|With the goal to highlight itself on international sports forums, most countries attached tremendous attention to competitive sports. The elite athletes, therefore, are forced to dedicate themselves more and more to achieve excellence in their athletic careers (Dawn Aquilina, 2013). In this case, much less time is left for them to develop other aspects outside of their sporting career. However, as a whole person, elite athletes should consider their post-athletic life. This drives them to develop their dual career. Aiming to develop China into a powerful sporting nation from the current major sporting nation, Chinese sports authorities have made great efforts in competitive sports, including investing the modern facilities, inviting foreign coaches, improving the welfare of athletes and providing more opportunities to receive higher education. To ensure the conduct, Chinese sports bodies, and educational authorities formulated a lot of policies. Nevertheless, there still exist some deficiencies. Within this study, a large number of participants involving 24 Olympic sports including 33 disciplines were surveyed, which was documented firstly in Chinese HPSA literature. This study made a contribution to the policy-maker of high-level stakeholders, in addition to providing necessities to the DC pathway of HPSA.
This dissertation was developed to explore the dual career of Chinese student-athletes in mainland China by means of conducting an open-ended questionnaire towards partially elite student-athletes from national teams and provincial teams. In order to provide a whole picture of the dual career of Chinese student-athletes, this research adopted quantitative descriptive research based on three theoretical frameworks. In addition, European and American dual career policies were also discussed to compare with Chinese policies.
The objectives of this dissertation were: 1) to explore the performance of Chinese High-Educational Institutions and sports authorities on facilitating college degree accomplishment towards student-athletes; 2) to examine the referenceable availability of European and American policies of high-performance student-athletes for Chinese authorities; 3) to identify the performance of high-performance student-athletes in their High-Educational Institutions context. All in all, the core objective was to address the central question: How is the development of the dual career of high-performance student-athletes in China?
This research employed psychosocial, developmental, and economic frameworks to examine the development of DC of Chinese HPSA and their self-perception of the implementation of DC strategies of Chinese educational organizations and athletic authorities. 1) Holistic athletic career model was adopted to evaluate DC policies on the different development stages of elite athletes, among which both normative and nonnormative transitions of them were concerned. Meanwhile, the transitions arising at the athletic level, psychological level, psychosocial level, and academic/vocational level were also involved. 2) Human capital theory as an interdisciplinary approach was applied in this research to reveal the practice conducted in Chinese HEIs and sports bodies. 3) Resilience theory was introduced to appraise SA¿s performance in front of adversity. 4) In order to further explore the DC policies that prevailed in different countries, this research also expounded on the relationship between sports models and the social system. The radical differences between socialism and capitalism lead to different pursuits in their sports model. Nevertheless, no matter what sport model, it is much related to politics.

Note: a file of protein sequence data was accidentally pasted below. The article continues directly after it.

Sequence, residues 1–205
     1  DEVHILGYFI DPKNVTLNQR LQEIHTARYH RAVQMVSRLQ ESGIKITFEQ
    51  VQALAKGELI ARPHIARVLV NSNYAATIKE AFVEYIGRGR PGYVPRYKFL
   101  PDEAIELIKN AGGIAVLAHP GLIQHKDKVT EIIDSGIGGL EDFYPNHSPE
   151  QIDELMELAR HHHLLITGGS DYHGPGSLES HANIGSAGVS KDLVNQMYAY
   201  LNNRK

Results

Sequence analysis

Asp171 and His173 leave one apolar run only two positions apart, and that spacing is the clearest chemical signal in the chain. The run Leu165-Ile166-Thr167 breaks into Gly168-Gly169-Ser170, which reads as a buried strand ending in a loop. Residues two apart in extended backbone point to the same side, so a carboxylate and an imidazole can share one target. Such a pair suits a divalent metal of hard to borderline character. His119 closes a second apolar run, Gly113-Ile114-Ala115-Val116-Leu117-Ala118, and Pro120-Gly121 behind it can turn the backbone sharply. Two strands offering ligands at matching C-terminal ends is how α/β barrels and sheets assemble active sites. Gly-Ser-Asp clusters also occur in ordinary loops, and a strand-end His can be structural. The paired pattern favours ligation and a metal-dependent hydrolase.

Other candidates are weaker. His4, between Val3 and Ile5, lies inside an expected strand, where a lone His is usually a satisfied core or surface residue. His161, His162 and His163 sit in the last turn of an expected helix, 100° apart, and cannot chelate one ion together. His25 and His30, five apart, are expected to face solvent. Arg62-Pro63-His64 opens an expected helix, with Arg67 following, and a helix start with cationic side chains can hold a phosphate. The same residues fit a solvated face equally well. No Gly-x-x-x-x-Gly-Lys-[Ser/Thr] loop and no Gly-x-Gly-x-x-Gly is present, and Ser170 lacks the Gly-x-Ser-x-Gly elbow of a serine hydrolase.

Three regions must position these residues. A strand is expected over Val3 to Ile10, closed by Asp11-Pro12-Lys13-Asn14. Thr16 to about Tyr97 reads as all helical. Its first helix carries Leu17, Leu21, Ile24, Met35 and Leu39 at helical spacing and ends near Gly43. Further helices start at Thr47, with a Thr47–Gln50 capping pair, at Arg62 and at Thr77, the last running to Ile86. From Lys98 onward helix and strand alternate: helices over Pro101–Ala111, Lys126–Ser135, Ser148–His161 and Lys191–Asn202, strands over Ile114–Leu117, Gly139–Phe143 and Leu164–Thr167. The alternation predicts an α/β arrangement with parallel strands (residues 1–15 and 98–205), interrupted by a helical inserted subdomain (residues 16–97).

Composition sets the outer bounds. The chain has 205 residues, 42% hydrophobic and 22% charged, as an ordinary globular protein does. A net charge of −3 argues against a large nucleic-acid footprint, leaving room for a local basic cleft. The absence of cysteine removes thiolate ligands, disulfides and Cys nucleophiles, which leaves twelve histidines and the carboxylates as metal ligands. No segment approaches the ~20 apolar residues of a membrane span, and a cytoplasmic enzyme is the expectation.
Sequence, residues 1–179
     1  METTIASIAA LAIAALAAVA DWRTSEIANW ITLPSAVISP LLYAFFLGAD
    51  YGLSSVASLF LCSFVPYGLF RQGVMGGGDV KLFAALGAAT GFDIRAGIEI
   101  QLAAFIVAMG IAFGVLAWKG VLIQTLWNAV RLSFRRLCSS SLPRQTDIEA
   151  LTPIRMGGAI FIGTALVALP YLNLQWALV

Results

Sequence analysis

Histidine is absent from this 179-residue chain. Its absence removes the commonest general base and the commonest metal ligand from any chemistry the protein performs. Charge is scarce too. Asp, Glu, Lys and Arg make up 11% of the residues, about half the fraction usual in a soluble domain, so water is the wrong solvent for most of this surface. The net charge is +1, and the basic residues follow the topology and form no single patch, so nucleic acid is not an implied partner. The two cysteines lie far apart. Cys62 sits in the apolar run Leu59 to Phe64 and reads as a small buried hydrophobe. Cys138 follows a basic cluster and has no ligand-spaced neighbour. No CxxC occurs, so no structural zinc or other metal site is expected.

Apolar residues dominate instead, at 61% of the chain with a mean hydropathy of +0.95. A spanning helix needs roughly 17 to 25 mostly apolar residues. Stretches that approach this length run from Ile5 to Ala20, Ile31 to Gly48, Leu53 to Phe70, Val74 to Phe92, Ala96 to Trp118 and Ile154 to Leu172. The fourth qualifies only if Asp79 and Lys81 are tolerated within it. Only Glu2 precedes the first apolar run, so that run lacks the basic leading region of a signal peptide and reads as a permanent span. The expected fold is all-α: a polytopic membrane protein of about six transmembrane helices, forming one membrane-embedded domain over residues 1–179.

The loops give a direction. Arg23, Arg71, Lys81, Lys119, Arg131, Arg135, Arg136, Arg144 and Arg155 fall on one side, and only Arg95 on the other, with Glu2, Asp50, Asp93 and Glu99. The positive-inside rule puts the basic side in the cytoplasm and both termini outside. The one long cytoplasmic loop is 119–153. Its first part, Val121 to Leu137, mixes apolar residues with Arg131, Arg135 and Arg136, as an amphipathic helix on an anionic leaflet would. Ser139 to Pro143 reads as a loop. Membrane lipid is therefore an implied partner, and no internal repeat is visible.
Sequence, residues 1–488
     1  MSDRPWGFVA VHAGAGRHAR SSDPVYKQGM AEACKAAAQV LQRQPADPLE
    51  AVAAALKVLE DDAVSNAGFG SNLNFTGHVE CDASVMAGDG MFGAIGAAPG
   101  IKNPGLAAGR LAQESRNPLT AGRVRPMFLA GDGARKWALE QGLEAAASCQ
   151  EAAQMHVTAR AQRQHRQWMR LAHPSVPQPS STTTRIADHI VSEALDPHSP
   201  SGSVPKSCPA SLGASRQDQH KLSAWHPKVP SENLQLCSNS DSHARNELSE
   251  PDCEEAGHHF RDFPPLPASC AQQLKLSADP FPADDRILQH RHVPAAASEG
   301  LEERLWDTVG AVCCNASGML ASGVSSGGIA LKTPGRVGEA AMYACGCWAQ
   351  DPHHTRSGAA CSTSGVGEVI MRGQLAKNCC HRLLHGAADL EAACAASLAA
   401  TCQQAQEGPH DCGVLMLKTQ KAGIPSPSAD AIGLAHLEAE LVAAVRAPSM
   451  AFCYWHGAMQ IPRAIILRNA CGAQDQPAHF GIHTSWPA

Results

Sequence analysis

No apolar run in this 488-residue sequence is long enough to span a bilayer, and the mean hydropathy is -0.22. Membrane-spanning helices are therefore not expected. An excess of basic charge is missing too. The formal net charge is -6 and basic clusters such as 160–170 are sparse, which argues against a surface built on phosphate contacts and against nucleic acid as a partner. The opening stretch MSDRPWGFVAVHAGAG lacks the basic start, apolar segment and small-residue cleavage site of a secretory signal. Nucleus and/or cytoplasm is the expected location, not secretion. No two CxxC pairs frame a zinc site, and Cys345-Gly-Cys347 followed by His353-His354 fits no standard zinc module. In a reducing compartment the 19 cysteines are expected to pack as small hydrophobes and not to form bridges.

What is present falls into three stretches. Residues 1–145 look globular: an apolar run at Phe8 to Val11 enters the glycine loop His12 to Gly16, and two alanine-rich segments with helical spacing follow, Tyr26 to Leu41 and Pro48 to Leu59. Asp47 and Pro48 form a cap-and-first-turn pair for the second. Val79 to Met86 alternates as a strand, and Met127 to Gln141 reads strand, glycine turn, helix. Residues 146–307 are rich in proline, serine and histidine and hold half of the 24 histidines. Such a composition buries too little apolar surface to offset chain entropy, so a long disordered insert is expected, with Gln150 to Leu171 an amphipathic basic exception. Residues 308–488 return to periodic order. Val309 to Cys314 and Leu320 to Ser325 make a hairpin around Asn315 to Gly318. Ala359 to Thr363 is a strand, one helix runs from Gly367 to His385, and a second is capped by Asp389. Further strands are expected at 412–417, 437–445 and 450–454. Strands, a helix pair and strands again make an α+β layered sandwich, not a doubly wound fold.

As for the methodology, this doctoral thesis adopted a quantitative research approach. It was used to identify problems with current practices in the dual career of Chinese student-athletes, justify the current practices of Chinese sports and educational authorities, make judgments, or determine what all stakeholders should do in similar situations. Therefore, 1) A web-based questionnaire containing 79 items was used to collect data; 2) Participants (n=675, Mage =21.3 ) who take part in 21 Olympic sports and some other non-Olympic sports were involved; 3) The questionnaire was designed and analyzed from three aspects, including sports career, academic career, and tutoring service.
Regarding the results, four conclusions were drawn: 1) Time constraints taking up a major barrier, which is consistent with historical literature that revealed time constraints served as a crucial challenge involving balancing academic performance and athletic achievement; 2) China has provided modern, cozy and convenient training facilities for student-athletes, but training service was underdeveloped, including the coaches, psychology, etc.; 3) Most Chinese universities have employed modern and athlete-friendly teaching methods, while some higher-educational institutions provided biased academic context, including limited majors, lacking specific tutor service, etc.; 4) Further enhancing self-resilience beliefs was necessary for student-athletes to improve their capability to cope with not only adversities faced in sports but outside of sports.